A family routine will look different for each family.  And honestly there is no right or wrong.  It’s just about figuring out and working through what is best for your crew.

We have a whole post that talks about how to establish a daily family or classroom rhythm that you can access here. We will give you ideas on how to do it and we list resources as well.  We are also including our favorite Routine cards for FREE that can be used in classrooms and homes alike.  If you haven’t tried using Routine Cards in your classrooms and homes, you really should.  Children love knowing what the “plan is for the day” and when they can see it listed by pictures (as ours are) or in writing, it becomes a big part of creating a place of order and organization.

Because of this organization, simplicity and structure, you will find that most Montessori environments are very beautiful and refreshing.  Montessori Practical LifeIt takes a little bit to get these spaces ready and it may take time to see the difference or understand why we suggest such simplicity and so few activities available, but once you do, it is such a joy to be in that space for both children and adults.  The care of the environment both inside and outside which we will discuss in a later article becomes important to the child.  They can see how beautiful the space is and I believe it drives them to want to respect their place of living.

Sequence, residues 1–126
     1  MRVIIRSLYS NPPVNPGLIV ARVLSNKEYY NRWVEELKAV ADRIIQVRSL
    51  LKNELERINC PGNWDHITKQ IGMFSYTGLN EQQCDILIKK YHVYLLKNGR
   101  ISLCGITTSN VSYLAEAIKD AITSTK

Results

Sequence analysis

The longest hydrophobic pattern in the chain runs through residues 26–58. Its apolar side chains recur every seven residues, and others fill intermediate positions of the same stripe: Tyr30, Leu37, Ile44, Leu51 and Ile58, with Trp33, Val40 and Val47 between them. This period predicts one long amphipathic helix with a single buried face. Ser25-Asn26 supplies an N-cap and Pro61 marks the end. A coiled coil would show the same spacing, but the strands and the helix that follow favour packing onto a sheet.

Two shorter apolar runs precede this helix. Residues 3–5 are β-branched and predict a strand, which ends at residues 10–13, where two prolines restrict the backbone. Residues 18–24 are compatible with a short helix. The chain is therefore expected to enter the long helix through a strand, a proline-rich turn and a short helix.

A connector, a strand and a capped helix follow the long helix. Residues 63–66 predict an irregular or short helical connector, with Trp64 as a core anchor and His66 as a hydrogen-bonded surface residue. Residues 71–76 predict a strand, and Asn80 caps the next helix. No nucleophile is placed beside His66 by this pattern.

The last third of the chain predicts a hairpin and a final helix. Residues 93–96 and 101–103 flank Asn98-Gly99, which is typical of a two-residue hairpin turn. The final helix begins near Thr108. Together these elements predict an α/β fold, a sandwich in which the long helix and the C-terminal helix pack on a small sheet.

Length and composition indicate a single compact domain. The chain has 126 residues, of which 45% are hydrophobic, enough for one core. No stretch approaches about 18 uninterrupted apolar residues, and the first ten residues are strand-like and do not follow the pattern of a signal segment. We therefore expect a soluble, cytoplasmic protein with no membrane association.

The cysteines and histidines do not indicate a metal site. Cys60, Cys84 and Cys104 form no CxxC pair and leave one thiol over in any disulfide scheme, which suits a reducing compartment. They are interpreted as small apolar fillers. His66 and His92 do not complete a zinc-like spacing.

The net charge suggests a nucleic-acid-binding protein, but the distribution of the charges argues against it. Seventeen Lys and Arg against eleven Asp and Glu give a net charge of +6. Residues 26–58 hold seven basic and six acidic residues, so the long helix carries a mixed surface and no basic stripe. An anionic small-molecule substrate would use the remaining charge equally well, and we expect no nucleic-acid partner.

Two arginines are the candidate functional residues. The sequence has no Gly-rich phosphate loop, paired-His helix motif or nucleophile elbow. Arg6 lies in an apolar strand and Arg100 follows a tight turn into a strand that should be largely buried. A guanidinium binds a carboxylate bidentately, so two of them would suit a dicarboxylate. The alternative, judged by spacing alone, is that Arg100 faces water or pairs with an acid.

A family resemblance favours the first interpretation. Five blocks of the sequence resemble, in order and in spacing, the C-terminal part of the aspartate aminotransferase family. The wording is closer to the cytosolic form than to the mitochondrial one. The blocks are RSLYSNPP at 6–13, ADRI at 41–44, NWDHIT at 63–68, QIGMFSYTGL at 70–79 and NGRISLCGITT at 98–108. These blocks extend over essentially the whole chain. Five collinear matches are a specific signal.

Stay tuned for next week where we will explain how to get your spaces ready for learning in “The Prepared Environment” segment.

We covered a lot this week! There is so much to absorb, digest and think on.  We are here if you have questions and we will continue all week long to break down each area that we covered with more details so hopefully it will be helpful.  We are excited for you as you start along or recenter your Montessori journeys!  And don’t forget your self-care this week!

Montessori Basics Principle #1- Personal & Spiritual Preparation

A Montessori Journey

Starting out on a Montessori teaching journey can be a little overwhelming. It probably feels like there is a lot to learn and begin to understand. Even veteran teachers continue to study and learn about the many facets of Maria Montessori’s Method for teaching and guiding children well into their own Montessori teaching careers. With that said, your own personal journey of learning when broken down into smaller sections is very obtainable. We’ve heard from several of you that you don’t know where to start and you might need some help so we wanted to let you know that we have got you covered! We are happy to say that as promised, our Montessori Basics series is here! We will be spending the next 8 weeks sharing with you several principles that we have collated from the many principles of Montessori that we think will help guide you as you start or even continue your personal Montessori journeys. So without further ado, let’s get started!

As a quick reminder, these are the areas that we will be covering over the next several weeks.

•Personal & Spiritual Preparation
•Structure, Organization, & Simplicity
•Preparation of the Environment
•Seeing the Child and Learning as a Whole